In 1974, the Greek military junta backed a coup in Cyprus that sparked a Turkish invasion of the island.
The Turkish forces advanced as far as the Atilla line, which is now the United Nations buffer-zone between the Greek and Turkish administrative areas of Cyprus.
Located about two miles north of this buffer-zone was the beach resort city of Famagusta. In the early 1970s, Famagusta was one of the most popular beach holiday destinations in the world and was a favorite destination of the rich and famous. It was known for its sunny beaches, glamorous shopping and dining experiences, and excellent luxury hotels. But on July 20, 1974, at the height of the summer tourist season, the impending Turkish invasion suddenly drove all 39,000 inhabitants and hundreds of guests out of the city. Fearing a massacre, they fled and after a short battle, the city was taken by Turkish forces.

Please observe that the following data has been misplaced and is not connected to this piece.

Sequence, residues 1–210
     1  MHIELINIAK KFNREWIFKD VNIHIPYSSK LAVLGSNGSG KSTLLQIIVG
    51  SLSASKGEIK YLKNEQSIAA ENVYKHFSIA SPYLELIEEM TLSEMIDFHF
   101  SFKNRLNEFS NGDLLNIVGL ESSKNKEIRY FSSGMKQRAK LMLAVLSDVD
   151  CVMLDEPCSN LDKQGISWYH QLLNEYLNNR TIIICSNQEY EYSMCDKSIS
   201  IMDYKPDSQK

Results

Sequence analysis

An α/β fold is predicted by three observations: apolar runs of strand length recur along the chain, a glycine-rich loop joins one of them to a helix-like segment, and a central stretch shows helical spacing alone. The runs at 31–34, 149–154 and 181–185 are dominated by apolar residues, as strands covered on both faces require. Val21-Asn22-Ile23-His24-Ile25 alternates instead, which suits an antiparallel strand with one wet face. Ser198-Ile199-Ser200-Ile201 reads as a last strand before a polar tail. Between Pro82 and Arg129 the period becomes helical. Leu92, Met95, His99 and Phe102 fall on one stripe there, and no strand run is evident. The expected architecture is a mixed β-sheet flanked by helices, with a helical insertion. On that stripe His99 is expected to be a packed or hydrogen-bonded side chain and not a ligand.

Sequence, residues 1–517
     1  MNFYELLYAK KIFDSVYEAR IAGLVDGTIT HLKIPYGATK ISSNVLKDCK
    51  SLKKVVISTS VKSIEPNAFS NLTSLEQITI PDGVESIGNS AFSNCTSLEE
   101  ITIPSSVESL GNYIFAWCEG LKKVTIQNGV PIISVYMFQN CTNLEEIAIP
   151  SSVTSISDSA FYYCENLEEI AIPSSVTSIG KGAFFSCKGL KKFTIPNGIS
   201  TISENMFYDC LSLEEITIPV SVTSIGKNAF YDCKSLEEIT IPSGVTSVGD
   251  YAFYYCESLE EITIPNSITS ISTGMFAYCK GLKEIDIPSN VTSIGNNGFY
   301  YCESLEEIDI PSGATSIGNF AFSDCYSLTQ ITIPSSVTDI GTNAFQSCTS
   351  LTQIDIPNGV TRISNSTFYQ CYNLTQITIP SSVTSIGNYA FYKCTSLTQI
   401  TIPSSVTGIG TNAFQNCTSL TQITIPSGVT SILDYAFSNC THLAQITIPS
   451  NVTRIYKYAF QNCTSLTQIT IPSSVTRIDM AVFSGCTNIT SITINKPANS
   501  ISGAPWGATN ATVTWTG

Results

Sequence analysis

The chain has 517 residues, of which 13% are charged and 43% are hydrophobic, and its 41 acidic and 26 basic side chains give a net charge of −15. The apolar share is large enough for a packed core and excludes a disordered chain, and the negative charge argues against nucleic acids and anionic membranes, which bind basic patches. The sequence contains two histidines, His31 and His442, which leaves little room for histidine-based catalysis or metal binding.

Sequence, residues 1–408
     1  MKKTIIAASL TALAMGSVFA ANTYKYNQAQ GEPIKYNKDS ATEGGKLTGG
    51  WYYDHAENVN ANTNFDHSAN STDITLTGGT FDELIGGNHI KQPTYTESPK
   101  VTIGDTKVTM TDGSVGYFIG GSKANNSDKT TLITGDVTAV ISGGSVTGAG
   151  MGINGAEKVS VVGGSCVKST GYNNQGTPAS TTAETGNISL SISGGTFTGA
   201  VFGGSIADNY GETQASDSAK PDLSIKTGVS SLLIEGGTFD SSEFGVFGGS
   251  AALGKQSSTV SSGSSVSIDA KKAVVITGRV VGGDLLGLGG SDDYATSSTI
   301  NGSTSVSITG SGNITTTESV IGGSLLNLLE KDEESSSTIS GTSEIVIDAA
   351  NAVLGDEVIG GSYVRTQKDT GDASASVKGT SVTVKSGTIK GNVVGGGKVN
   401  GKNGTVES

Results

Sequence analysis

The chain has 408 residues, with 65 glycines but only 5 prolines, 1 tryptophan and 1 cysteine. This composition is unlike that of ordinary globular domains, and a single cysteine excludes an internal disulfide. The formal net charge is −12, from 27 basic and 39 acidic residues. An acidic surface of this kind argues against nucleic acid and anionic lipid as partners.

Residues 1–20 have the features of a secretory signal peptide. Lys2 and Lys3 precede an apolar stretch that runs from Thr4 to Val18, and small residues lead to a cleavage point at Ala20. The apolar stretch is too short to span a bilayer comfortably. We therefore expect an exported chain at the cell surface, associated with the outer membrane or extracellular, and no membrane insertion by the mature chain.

Turkey remains in de facto possession of the city despite a bill attempting to return it to Greek control. The city is now home to around 40,000 inhabitants. The Varosha quarter, which was the tourism center of the city, has remained abandoned since the Turkish government fenced it off immediately after the conflict.
Today, the district stands as a monument to what the world would look like without its human inhabitants. Tables are still set for breakfast, model 1970s cars still sit in their garages, and designer clothing still hangs on the racks of hastily abandoned shops. Nature has begun to take over, and many of the buildings are slowly collapsing, the cars rusting, the pavement cracking and overgrown with weeds.
The Varosha Quarter is only accessible to Turkish military forces, the occasional journalist, and UN officials. It is also being used by writers and scientists as an ongoing study of how cities fare after their inhabitants have disappeared.